Ahh, the question that English majors (and other Humanities majors) hear on a daily basis.
“What can you even do with your degree?”
This is not it either, we are likely to also hear:
“Oh, so you want to teach then?”
“Well, I mean, if it makes you happy…”
“How will reading and writing help you get a job?”
These really are great questions that concerned family and colleagues ask; however, they only are asking because they assume the negative connotation about English graduates is true: that they cannot find jobs.
After doing extensive research, meeting with college professors, and talking with companies, I am here to tell you that this simply is not true. English graduates can – and are – finding jobs in respectable career fields.
Typical careers English graduates are known to enter are Public Relations, Marketing, Management, Publishing, Editing, Freelance Writing, Teaching, and Journalism… just to name a few. Now, how exactly do English graduates land these jobs? The valuable skills they acquire from studying English.
The English degree revolves around reading, analyzing, researching, synthesizing, writing, arguing, and more reading. English majors are used to reading 100-200 pages a night where they must pick out key concepts, find the main ideas, and discover patterns. By doing this, English majors develop strong analytical skills that are applicable to every career mentioned above. This skill is definitely applicable for Marketing Specialists, where part of their job is to discover patterns in sales to maximize profits and develop stronger sales strategies.
In addition, English majors must do extensive amounts of research on a certain topic and synthesize what they find. Being able to do hours of research and then combining that research into a coherent whole is a valuable skill English majors develop. Again, this skill can be utilized in every career choice above whether it is researching information for Marketing, Public Relations, or Journalism.
The third skill English majors master is writing. Being able to write well is one of the most important skills that anyone can have. Imagine an employer looking at a resume and they notice “degree” or “address” is misspelled. Without a second thought, they are going to toss that resume into the trash and move on. Why? Because no one is going to hire an employee that does not proofread their work or have strong writing skills, it will reflect poorly on themselves and the company. Another scenario: an employee sends an important email to a potential investor and he/she misspells “Sincerely.” This would be deemed seriously unprofessional and could lose the investor’s business, again reflecting poorly on the employee and company. Public Relations Specialist require many skills, but strong writing skills are one of the most important. PR Specialists essentially are a liaison between their employer/company and the public or a client. Their array of duties includes, but are not limited to, writing press releases, writing speeches, contacting clients via email or telephone, contacting the media for potential stories via email or telephone, planning and hosting events, and attending events. Notice how each duty requires writing in some way, and they need to have concrete writing skills to use every day on the job. Two other careers that require outstanding writing skills are Editing and Freelance Writing, obviously.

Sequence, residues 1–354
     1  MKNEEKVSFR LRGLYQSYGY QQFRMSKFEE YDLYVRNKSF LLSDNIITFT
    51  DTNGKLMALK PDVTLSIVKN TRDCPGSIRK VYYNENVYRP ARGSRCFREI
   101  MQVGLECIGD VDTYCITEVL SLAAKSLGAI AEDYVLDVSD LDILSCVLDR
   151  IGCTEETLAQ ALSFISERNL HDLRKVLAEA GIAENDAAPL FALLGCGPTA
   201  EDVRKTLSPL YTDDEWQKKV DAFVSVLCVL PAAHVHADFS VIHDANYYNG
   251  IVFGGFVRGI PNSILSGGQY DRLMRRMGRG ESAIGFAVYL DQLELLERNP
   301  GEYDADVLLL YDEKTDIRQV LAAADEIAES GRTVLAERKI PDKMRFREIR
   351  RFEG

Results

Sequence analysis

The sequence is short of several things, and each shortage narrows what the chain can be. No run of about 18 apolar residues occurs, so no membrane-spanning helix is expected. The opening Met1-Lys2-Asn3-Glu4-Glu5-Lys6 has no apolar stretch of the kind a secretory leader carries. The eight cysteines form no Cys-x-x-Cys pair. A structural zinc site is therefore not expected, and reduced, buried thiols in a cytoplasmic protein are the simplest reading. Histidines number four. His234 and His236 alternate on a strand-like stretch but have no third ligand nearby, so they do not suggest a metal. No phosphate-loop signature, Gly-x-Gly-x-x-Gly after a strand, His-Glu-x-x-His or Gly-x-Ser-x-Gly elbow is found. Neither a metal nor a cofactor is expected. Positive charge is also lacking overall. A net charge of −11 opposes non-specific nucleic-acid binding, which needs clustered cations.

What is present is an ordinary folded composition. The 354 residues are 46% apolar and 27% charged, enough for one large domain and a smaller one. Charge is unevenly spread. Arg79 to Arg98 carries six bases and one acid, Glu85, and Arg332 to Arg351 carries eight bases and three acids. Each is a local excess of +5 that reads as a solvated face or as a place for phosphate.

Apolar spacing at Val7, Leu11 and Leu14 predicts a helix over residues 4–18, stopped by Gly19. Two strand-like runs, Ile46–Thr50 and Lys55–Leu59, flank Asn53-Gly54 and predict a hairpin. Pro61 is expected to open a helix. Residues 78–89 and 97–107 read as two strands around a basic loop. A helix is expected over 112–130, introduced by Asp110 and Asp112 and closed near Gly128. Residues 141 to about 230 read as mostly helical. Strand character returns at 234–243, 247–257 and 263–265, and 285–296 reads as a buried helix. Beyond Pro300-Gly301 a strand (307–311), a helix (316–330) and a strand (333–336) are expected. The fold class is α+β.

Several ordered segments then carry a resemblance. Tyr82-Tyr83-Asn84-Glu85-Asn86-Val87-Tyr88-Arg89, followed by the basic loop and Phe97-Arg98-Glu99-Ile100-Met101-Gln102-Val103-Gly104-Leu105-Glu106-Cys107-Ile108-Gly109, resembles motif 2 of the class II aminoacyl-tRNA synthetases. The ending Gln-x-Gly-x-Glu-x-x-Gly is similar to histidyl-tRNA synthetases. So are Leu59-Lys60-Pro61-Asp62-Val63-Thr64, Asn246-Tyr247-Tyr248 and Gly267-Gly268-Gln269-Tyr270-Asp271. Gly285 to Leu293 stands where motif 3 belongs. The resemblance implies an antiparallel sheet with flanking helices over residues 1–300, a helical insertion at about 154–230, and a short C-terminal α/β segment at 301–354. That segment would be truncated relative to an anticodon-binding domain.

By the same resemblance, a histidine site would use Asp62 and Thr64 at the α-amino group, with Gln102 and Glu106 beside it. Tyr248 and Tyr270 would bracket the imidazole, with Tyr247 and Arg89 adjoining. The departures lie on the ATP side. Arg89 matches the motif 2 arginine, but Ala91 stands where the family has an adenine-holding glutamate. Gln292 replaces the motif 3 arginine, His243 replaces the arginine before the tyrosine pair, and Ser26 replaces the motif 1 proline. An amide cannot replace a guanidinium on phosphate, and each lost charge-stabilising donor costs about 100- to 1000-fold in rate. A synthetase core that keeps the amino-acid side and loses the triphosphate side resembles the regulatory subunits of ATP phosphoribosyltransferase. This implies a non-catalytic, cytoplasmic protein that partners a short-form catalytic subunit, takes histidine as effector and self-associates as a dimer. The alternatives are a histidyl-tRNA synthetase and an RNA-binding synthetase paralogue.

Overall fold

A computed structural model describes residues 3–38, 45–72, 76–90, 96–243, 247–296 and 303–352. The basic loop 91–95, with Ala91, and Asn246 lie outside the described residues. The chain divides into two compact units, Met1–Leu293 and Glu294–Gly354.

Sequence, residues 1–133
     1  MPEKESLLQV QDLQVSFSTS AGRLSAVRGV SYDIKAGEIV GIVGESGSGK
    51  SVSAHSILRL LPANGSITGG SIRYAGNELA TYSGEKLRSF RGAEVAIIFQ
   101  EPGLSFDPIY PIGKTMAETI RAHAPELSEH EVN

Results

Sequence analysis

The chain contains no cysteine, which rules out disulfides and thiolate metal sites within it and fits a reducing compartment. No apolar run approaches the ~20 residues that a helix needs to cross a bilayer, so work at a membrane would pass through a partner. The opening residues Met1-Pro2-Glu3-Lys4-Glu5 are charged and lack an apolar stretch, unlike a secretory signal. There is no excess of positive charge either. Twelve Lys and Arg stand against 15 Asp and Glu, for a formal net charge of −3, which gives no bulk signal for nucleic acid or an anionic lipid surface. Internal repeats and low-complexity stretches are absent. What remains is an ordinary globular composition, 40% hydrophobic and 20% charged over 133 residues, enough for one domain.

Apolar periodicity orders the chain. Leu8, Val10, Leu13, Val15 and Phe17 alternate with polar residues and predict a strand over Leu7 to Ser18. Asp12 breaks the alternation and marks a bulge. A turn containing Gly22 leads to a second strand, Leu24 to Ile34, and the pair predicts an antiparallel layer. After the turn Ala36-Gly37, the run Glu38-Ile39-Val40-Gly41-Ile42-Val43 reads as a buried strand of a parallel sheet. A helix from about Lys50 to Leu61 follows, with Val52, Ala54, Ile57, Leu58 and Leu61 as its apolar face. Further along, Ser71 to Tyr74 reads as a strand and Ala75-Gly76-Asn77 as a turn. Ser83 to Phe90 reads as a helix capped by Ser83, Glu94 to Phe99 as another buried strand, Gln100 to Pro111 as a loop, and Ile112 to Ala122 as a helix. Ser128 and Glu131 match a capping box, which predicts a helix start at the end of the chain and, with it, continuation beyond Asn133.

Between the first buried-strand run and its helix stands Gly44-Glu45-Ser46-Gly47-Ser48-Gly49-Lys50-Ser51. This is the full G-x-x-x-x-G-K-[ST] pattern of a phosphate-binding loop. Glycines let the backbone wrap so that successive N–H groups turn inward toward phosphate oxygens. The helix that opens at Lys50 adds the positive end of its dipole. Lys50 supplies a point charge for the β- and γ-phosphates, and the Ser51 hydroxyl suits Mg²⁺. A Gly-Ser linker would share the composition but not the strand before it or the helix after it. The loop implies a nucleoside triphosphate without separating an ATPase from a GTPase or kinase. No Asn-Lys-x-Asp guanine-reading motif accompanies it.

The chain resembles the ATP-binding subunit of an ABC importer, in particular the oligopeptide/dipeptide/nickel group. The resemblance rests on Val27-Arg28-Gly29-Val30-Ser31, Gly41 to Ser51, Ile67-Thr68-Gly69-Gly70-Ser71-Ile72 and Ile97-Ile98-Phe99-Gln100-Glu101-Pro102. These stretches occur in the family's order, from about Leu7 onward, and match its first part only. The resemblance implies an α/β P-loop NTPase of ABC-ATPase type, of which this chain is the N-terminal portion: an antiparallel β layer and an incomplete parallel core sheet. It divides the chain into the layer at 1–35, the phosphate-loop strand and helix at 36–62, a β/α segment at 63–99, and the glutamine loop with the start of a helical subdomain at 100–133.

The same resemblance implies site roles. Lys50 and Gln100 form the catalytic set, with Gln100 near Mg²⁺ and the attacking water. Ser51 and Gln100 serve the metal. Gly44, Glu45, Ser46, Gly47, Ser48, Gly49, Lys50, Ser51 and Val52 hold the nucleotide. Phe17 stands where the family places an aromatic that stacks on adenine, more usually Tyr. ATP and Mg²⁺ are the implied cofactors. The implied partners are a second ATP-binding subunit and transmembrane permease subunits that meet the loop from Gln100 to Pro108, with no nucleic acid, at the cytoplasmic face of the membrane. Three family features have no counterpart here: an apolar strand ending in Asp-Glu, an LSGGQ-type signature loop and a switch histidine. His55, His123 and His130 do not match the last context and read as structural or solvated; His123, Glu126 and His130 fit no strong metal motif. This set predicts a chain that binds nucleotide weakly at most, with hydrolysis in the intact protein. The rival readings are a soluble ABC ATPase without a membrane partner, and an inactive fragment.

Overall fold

Next, English majors learn how to manage their time to meet the multiple deadlines they have. Instead of reading 150 pages, writing two 14-page papers, and starting research for another paper all in one day, they spread it out over time so they are not bombarded with stress to meet the deadlines. Two career choices this correlates to are Journalism and Public Relations. Both careers require juggling important tasks and projects that all need to be completed on time. The time-management skills English majors develop are helpful and needed in these two demanding fields.
The final skill that I am highlighting (there are way more, I promise) is being able to communicate effectively and efficiently. English majors not only read, research, and write all the time, but they also argue their points and analyses in the classroom. The result of always conveying their thoughts and ideas to other people is strong communication skills. This skill will make a difference when at an interview, conducting a meeting, meeting with investors, discussing work with bosses and other employees, and/or hosting an event.
It is important to note that these are not the only eight career fields for English graduates or five skills they develop. The career choices and skills developed can vary depending on graduate school, double majoring, acquiring a minor or two, and/or doing an internship.
I would also like to point out that majoring in “X” does not guarantee someone a job in “Y.” There is so much more than a degree that gets someone a job. Graduates can make themselves more marketable by volunteer work, completing an internship or two, picking up a hobby that can be valuable in the long run (such as a blog), and taking on as many leadership opportunities and roles as possible.
Just remember, that in the end, a degree does not define whom you are or your future.